Predictions about roads of the future were wrong – Larry Edsall

In 1958 Ford did a scale model of a nuclear-powered car for the future | Rivervale Leasing illustrations

Self-driving cars, hydrogen fuel and flying vehicles – big things are being planned for the motor industry, but how many of those predictions proved to be correct?

So, “ We investigated old car news and archives of motor magazines to find out what we once thought was possible. Check out our five visualized scenes below to see what our roads should look like, according to historic predictions:

“In 1957, it was predicted that our roads would become tubes! An engineer working for the American aerospace and technology company Honeywell imagined that we would have a ‘network of pneumatic tubes’ by 2000.

Nuclear power stations for refueling our cars

“In 1958, Ford produced a nuclear-powered concept car known as the Ford Nucleon. The futuristic scale model was designed to ‘explore how the future of energy might affect the future of automotive design.’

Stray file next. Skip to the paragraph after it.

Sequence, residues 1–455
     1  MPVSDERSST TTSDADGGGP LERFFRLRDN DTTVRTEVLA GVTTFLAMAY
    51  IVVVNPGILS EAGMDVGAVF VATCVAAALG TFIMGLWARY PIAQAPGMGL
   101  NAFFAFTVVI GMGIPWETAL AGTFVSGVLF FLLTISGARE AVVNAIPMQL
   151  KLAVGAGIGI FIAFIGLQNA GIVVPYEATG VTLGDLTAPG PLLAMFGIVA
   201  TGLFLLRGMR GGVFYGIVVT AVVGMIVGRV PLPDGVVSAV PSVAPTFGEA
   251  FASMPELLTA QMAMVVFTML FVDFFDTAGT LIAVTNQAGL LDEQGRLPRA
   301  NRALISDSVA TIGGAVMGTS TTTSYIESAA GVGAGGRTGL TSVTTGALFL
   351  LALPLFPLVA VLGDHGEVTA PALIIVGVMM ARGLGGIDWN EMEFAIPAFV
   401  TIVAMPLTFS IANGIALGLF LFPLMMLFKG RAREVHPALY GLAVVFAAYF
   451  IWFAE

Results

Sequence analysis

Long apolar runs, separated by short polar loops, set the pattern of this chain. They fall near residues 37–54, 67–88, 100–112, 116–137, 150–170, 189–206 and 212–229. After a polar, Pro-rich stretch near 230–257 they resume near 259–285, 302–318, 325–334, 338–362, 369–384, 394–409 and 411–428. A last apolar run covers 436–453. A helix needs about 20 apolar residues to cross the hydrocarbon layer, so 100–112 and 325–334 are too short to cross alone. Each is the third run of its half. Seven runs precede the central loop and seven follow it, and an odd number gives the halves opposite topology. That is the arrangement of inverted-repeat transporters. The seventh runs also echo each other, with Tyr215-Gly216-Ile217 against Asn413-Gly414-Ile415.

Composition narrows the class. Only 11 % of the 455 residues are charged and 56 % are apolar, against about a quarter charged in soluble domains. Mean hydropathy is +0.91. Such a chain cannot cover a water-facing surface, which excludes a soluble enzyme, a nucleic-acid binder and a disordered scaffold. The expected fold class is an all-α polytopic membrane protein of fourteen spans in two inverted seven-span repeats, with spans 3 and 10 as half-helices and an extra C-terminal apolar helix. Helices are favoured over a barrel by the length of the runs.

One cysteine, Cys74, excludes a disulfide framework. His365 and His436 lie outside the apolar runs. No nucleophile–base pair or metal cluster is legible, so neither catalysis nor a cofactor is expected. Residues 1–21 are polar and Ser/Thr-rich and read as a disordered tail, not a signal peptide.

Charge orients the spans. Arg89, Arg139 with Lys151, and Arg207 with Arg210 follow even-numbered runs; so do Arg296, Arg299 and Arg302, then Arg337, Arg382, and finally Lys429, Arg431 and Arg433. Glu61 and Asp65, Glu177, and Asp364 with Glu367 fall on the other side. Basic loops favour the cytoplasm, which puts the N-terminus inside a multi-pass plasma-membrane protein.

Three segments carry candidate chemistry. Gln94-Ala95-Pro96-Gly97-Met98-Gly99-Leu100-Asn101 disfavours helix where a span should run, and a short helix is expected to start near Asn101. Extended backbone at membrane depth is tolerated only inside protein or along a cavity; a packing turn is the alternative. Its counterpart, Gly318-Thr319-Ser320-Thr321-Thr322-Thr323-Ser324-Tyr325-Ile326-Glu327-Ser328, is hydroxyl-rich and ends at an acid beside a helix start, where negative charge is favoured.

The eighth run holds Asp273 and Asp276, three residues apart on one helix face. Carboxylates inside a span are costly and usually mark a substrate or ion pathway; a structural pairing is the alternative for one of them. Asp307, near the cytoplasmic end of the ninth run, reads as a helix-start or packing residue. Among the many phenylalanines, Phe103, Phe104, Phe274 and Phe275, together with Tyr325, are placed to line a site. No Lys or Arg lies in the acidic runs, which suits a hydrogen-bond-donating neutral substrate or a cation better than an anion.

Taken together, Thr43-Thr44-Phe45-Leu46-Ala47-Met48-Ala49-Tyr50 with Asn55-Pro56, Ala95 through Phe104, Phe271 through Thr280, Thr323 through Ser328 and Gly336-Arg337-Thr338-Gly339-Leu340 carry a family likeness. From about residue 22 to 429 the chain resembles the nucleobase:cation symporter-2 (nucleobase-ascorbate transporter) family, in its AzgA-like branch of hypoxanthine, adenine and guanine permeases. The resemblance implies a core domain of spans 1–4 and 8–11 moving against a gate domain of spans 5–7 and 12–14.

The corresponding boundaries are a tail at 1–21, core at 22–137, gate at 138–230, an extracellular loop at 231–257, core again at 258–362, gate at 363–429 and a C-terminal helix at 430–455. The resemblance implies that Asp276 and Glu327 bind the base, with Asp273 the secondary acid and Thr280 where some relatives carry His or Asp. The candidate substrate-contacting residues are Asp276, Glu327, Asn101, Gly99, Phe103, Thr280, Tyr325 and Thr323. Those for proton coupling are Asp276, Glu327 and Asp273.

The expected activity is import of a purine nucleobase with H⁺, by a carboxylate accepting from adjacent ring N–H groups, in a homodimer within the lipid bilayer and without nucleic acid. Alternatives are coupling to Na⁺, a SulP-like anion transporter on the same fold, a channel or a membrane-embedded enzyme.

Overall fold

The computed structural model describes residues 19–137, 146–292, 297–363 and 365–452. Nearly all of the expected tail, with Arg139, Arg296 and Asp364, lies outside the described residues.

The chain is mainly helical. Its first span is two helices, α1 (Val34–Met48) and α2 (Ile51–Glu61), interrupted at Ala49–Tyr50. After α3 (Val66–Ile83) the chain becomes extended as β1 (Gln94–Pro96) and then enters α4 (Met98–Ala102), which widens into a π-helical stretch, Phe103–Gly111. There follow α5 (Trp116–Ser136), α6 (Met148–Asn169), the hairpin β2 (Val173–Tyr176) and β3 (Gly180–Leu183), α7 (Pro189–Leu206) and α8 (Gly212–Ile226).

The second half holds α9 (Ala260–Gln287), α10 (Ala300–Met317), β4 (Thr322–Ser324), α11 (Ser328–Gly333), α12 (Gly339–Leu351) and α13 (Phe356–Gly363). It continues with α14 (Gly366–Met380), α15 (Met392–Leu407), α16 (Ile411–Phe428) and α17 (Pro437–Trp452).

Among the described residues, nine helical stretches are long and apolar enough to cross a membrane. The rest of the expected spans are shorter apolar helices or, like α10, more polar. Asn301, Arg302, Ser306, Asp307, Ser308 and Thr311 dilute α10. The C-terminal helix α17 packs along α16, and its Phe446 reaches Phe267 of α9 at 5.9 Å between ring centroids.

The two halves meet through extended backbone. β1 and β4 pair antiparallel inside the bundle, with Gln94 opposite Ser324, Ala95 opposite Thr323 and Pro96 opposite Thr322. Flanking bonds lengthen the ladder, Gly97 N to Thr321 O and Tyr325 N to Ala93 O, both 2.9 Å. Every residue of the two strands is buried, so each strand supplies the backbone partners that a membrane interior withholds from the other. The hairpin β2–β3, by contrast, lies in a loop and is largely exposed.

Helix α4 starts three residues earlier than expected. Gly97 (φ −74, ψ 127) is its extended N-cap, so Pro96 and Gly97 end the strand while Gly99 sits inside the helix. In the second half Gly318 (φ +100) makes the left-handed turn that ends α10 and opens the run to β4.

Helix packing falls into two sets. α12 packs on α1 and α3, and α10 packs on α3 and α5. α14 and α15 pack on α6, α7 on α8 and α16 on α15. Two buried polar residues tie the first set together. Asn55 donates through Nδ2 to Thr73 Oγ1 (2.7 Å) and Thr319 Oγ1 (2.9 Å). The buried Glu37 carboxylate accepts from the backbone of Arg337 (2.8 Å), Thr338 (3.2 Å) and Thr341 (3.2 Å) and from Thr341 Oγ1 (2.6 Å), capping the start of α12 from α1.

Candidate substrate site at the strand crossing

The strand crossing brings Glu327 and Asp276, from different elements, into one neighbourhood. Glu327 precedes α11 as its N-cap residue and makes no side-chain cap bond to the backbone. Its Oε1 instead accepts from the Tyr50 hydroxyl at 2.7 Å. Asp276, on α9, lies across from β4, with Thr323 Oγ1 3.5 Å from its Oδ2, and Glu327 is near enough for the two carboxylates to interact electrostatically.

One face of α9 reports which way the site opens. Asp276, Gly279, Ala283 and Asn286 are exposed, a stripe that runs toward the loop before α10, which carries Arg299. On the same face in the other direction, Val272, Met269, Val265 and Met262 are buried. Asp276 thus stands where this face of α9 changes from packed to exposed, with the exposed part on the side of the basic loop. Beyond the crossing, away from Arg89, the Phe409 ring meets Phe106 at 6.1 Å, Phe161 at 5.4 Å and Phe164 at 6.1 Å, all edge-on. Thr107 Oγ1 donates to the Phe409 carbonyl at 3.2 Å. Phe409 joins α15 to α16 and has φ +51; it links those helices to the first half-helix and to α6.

The reactors inside the cars were supposed to be replaced every 5,000 miles at recharging stations. Instead of filling up at the pump, your reactor would be swapped with a new one, with different options available if you have a high-torque or fuel-efficient model.

“When the Nucleon was revealed, the technology was still being researched and it was thought that nuclear power would be a practical energy source. However, obvious safety issues and technical problems meant that this car never went ahead.

“Research by Stanford Universityexplains that nuclear-powered cars could be possible one day, thanks to advancements in technology. However, it’s more likely that the atomic energy would be used ‘indirectly’ and not actually part of the vehicle.”

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